Beaermant History, Family Crest & Coats of Arms
The founding heritage of the Beaermant family is in the Anglo-Saxon culture that once dominated in Britain. The name Beaermant comes from when one of the family worked as a person who was the official bowerman, which means the servant who attended to the room of the bower.  
Early Origins of the Beaermant family
The surname Beaermant was first found in Yorkshire where William Bureman was listed in the Pipe Rolls of 1204. Later the Hundredorum Rolls of 1273 included an entry for Robert Boreman in Oxfordshire at that time. And later again, William Bourman was found in the Subsidy Rolls of Sussex in 1327. In the same year, Walter Burman was listed in the Subsidy Rolls for Cambridgeshire. 
Another source notes that the Hundredorum Rolls of 1273 also includes Gilbert Burman in Oxfordshire; and Isabella Bureman in Essex. 
Back in Yorkshire, Alice Bourwyman was found in the Subsidy Rolls of 1301  and Johannes Boureman was listed as holding lands in the Yorkshire Poll Tax Rolls of 1379. 
Further north in Scotland, "A barrowman is defined in the Dictionary of the Old Scottish Tongue as 'one who helps to carry a hand-barrow.' The name is spelled Barraman in Workman's MS. William Barrowman or Baroumane had a charter of the lands of Fortrie in the sheriffdom of Banff from David II (RMS., I, App. II, 1033. In the British Museum his name is spelled Borrowman)." 
Reaney quotes Black's entry and adds "There can be no doubt that this is a late variant of Burowman."  The family coats of arms was recorded in Devonshire and Wiltshire, but no date is given. 
Early History of the Beaermant family
This web page shows only a small excerpt of our Beaermant research. Another 193 words (14 lines of text) covering the years 1506, 1633, 1635, 1632, 1590, 1572, 1675, 1627, 1631, 1633, 1634, 1635, 1660 and 1660 are included under the topic Early Beaermant History in all our PDF Extended History products and printed products wherever possible.
Beaermant Spelling Variations
The first dictionaries that appeared in the last few hundred years did much to standardize the English language. Before that time, spelling variations in names were a common occurrence. The language was changing, incorporating pieces of other languages, and the spelling of names changed with it. Beaermant has been spelled many different ways, including Bowerman, Bowreman, Bureman, Bourman, Burman and others.
Early Notables of the Beaermant family (pre 1700)
Distinguished members of the family include William Bowerman (died c. 1590) of Wells, Somerset, an English politician. He was Member of Parliament for Wells in 1572.
Robert Boreman or Bourman (d. 1675), was an English Royalist divine, a member of a family which came originally from the Isle of Wight, and brother of Sir William Bourman, clerk of the green cloth to King Charles II. "He received his education at Westminster School, whence he was elected in...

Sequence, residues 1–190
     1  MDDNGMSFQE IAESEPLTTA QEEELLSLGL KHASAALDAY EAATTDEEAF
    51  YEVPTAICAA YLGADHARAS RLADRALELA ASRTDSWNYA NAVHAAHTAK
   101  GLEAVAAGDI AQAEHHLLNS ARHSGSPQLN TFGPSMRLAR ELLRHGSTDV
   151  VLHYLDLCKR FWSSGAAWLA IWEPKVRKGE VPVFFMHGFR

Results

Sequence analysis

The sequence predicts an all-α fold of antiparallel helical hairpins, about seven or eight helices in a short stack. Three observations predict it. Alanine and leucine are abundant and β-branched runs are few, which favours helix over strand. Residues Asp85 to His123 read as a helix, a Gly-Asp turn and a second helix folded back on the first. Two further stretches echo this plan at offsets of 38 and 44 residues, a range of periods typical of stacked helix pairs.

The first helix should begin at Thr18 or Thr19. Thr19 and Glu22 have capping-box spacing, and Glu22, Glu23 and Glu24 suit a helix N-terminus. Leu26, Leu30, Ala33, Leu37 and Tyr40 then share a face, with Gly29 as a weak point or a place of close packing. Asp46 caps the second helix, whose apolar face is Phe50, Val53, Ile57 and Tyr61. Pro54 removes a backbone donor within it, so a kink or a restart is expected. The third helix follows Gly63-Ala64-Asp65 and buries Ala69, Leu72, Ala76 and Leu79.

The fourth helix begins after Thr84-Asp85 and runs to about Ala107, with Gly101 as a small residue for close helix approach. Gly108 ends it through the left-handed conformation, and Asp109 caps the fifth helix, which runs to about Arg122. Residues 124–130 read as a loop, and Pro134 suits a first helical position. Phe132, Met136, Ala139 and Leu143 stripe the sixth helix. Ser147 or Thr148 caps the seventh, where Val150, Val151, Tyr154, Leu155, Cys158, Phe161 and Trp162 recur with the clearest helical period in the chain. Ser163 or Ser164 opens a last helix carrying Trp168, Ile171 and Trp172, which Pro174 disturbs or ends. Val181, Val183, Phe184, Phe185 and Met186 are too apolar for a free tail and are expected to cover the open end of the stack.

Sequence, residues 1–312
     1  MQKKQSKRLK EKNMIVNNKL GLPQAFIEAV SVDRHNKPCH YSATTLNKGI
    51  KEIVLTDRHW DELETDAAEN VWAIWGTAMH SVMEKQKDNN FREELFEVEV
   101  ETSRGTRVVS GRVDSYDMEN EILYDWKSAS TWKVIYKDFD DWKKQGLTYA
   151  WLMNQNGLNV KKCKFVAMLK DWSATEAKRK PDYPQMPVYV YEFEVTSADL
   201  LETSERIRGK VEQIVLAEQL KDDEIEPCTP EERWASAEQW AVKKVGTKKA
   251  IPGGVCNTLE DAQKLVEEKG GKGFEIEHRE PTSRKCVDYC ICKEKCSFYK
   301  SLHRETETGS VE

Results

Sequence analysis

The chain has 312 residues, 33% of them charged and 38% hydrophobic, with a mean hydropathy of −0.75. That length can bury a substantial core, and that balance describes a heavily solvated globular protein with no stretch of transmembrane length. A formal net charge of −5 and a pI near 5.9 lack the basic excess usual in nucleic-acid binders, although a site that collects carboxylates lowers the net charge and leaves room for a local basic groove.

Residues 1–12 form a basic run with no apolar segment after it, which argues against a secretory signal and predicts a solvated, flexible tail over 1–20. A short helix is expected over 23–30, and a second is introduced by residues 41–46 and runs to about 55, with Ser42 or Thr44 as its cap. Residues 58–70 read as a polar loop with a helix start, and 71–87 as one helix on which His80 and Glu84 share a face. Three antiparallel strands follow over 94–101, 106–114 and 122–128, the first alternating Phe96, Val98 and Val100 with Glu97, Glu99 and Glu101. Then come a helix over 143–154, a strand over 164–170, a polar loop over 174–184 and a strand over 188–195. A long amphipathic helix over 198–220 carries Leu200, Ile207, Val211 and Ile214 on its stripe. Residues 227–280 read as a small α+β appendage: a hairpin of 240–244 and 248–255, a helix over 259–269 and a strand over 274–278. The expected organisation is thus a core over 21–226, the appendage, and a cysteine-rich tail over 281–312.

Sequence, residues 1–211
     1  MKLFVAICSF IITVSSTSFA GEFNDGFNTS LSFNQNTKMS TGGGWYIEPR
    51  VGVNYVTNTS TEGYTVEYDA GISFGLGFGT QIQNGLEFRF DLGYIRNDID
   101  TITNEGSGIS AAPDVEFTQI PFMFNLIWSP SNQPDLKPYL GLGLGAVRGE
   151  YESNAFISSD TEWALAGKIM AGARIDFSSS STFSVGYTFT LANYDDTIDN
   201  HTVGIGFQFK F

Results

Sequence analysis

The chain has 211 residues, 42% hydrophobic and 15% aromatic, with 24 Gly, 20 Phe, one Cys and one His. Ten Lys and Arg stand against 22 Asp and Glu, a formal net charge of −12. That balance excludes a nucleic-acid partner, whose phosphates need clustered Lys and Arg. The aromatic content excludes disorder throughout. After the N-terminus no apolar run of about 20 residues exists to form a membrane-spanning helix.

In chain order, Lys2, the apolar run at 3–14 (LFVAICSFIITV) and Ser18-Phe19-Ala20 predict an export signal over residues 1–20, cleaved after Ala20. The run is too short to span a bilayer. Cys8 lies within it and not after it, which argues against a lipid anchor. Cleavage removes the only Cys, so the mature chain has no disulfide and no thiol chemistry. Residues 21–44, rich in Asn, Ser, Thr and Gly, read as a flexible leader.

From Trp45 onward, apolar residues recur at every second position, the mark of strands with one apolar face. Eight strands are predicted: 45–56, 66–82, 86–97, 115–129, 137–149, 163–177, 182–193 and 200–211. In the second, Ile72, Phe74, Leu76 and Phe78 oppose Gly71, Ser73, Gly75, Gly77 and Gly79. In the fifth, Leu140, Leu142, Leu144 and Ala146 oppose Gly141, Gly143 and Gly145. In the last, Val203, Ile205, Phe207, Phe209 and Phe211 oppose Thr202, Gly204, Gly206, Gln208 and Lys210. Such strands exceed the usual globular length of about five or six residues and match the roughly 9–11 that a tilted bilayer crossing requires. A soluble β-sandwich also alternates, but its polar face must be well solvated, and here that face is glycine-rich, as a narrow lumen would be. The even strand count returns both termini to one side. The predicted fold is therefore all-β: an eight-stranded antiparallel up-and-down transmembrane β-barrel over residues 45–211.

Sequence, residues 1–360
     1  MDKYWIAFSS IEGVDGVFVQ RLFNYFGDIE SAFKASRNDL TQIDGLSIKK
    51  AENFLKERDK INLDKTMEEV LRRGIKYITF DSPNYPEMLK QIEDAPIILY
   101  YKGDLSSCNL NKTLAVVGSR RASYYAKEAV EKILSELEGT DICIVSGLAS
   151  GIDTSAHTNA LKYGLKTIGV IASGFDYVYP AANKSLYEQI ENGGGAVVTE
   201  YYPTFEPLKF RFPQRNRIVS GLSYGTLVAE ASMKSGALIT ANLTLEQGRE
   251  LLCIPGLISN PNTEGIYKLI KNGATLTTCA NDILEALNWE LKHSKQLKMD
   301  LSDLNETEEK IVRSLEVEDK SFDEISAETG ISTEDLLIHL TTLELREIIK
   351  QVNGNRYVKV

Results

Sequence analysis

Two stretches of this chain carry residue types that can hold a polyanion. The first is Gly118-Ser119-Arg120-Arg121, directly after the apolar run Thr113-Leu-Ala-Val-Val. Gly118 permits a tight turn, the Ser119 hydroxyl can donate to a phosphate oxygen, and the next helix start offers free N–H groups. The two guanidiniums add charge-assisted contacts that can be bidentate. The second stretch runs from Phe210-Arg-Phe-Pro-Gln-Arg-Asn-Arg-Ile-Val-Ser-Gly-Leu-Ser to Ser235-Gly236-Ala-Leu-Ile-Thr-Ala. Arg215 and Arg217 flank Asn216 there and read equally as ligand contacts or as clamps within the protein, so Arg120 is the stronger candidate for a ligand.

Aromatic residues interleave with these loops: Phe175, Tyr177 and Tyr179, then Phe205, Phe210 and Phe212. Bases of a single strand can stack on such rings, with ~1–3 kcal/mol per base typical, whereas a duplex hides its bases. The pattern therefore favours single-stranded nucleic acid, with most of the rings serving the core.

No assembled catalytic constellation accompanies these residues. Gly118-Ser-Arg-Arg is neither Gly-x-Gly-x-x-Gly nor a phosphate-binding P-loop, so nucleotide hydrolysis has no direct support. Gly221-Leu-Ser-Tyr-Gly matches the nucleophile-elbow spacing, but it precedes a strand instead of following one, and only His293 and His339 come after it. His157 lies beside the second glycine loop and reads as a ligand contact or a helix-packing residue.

Another 77 words (6 lines of text) are included under the topic Early Beaermant Notables in all our PDF Extended History products and printed products wherever possible.
Migration of the Beaermant family to Ireland
Some of the Beaermant family moved to Ireland, but this topic is not covered in this excerpt.
Another 36 words (3 lines of text) about their life in Ireland is included in all our PDF Extended History products and printed products wherever possible.
Migration of the Beaermant family
Thousands of English families in this era began to emigrate the New World in search of land and freedom from religious and political persecution. Although the passage was expensive and the ships were dark, crowded, and unsafe, those who made the voyage safely were rewarded with opportunities unavailable to them in their homeland. Research into passenger and immigration lists has revealed some of the very first Beaermants to arrive in North America: Henry Bowerman who settled in Boston Massachusetts in 1804; John Bowerman arrived in San Francisco in 1850.
Related Stories +
- ^ Reaney, P.H and R.M. Wilson, A Dictionary of English Surnames. London: Routledge, 1991. Print. (ISBN 0-415-05737-X)
- ^ Bardsley, C.W, A Dictionary of English and Welsh Surnames: With Special American Instances. Wiltshire: Heraldry Today, 1901. Print. (ISBN 0-900455-44-6)
- ^ Black, George F., The Surnames of Scotland Their Origin, Meaning and History. New York: New York Public Library, 1946. Print. (ISBN 0-87104-172-3)
- ^ Burke, Sir Bernard, C.B. LL.D The General Armory of England Scotland, Ireland and Wales. London: Harrison, 59, Pall Mall, 1884, Print.